The Sulu Sultanate, in spite of it being located in Mindanao, is NOT the same as saying it is under the rule of the Philippine government. It is, in fact, an independent Muslim state, which historically has acquired territories in and around the Sulu Sea, including the island of Sabah. When Malaysia got its independence from the British, the British company also"surrendered" Sabah to Malaysia. The claim of the Sultan of Sulu would have more legal bearing if the Philippines recognized the Sulu Sultanate. As a republic, the Philippine constitution doesnot recognize royalties. Also no country recognizes the Sultanate of Sulu. Sabah will always be, politically speaking, ruled by Malaysia. Its ownership, however, will always remain with the heirs of the Sultanate. Philippines might not ever get to claim Sabah as its rightful territory.
2. Philippine claim to Spratley Island. The Spratly Islands group consists of a large number of banks, reefs, cays and islands stretching from a point. The Spratlies or some part thereof has been variously claimed by China (both the Peoples Republic of China and the Republic of China), Viet-Nam, France, Japan, the Philippines, and, also Malaysia.
In 1956, a Filipino navigator named Tomas Clomaissued a "Proclamation to the whole World" asserting ownership by discovery and occupation over all theterritory, "33 islands, sands cays, sands bars and coral reefs and fishing grounds in the Spratlies covering an area of 64,976 square nautical miles." This claim provoked statements of protest against thePhilippines by the Peoples Republic of China and the Republic· of Viet-Nam.
The legal bases of the demand were as follows: ( 1) The Philippines has legal title to the island group as aconsequence of the occupation by Tomas Cloma (2) the presence of the Chinese forces in Itu Aba constituted athreat to the security of the Philippines; (3) the Chinese occupation of some islands in the Spratly groupconstituted de facto trusteeship on behalf of the World War II allies which precluded the gamsonning of the islands without the allies consent; and (4) the Spratlygroup is within the archipelagic territory claimed by the Philippines.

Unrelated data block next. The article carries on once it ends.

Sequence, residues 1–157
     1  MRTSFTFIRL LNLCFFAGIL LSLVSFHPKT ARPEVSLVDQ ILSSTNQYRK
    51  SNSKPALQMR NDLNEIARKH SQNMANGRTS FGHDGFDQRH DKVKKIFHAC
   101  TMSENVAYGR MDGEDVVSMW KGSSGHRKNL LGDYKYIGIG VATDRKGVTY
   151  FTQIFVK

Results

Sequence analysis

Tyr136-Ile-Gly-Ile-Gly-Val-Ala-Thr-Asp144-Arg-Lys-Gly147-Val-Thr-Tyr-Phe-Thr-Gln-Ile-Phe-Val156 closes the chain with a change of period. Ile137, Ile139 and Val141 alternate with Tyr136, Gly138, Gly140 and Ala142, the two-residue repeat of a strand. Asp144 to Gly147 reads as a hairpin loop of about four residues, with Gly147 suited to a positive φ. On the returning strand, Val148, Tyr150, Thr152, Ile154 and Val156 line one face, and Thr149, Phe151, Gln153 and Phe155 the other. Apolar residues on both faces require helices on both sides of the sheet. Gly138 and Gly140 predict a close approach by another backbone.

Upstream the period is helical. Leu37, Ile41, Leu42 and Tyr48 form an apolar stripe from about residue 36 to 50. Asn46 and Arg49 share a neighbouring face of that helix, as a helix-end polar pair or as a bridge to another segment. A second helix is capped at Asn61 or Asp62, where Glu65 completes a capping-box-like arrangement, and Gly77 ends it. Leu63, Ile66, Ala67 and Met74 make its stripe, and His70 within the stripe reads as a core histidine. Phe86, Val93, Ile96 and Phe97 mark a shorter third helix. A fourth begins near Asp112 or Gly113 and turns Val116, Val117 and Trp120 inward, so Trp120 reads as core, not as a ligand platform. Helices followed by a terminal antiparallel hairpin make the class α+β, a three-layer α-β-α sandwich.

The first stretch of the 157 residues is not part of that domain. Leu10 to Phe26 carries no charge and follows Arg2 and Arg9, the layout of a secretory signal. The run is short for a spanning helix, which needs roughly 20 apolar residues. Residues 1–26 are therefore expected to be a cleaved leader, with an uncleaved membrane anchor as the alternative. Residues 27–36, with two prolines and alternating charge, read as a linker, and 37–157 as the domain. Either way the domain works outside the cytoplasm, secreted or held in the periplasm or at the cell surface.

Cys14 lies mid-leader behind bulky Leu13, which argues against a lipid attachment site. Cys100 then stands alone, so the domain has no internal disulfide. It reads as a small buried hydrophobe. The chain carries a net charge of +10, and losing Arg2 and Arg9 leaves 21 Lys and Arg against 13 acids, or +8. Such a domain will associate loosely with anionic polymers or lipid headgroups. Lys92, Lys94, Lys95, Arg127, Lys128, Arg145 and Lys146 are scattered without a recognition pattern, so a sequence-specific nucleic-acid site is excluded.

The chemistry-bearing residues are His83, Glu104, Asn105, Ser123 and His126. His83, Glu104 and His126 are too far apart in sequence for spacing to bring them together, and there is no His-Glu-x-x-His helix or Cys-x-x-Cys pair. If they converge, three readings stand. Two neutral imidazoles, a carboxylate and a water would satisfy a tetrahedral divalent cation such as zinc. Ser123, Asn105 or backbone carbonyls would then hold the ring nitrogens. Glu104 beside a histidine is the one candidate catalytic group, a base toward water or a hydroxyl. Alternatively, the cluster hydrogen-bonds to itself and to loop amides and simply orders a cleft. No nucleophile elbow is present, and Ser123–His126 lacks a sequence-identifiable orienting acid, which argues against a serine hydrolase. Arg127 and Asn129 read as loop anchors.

In 1974, an official spokesman of the Philippine government announced that the Philippines had garrisoned five of the islands within the group. At present, the Philippines have possession of sevenislands. A number of Filipino nationals have settled in these islands, and a local government has been organized in one of them.
On June 11, 1978, President Marcos issued Presidential Decree No. 1596 declaring most19 of the islands, cays, shoals and reefs as belonging to the Philippines andforming an integral part of Philippine territory. It named the area claimed "Kalayaan Island Group," which is a Filipinized version of the name Tomas Cloma gave his discovery: "Freedom land." The group of islands wasintegrated as a municipality of the province of Palawan.
Philippine island closest to the incorporated cluster decree cited a number of bases for the claim to title, namely: (1) the area is part of the continental margin of the Philippine archipelago; (2) the islands do not belong to any state, but by reason of history, indispensable need, and effective occupation and control established in accordance with international law, should now be deemed subject to thesovereignty of the Philippines; and (3) claims by other states over the area had lapse by reason of abandonment and cannot prevail over that of the Philippines on legal, historical and equitable grounds.
Currently the Philippines is occupying nine features (seven islands, three reefs):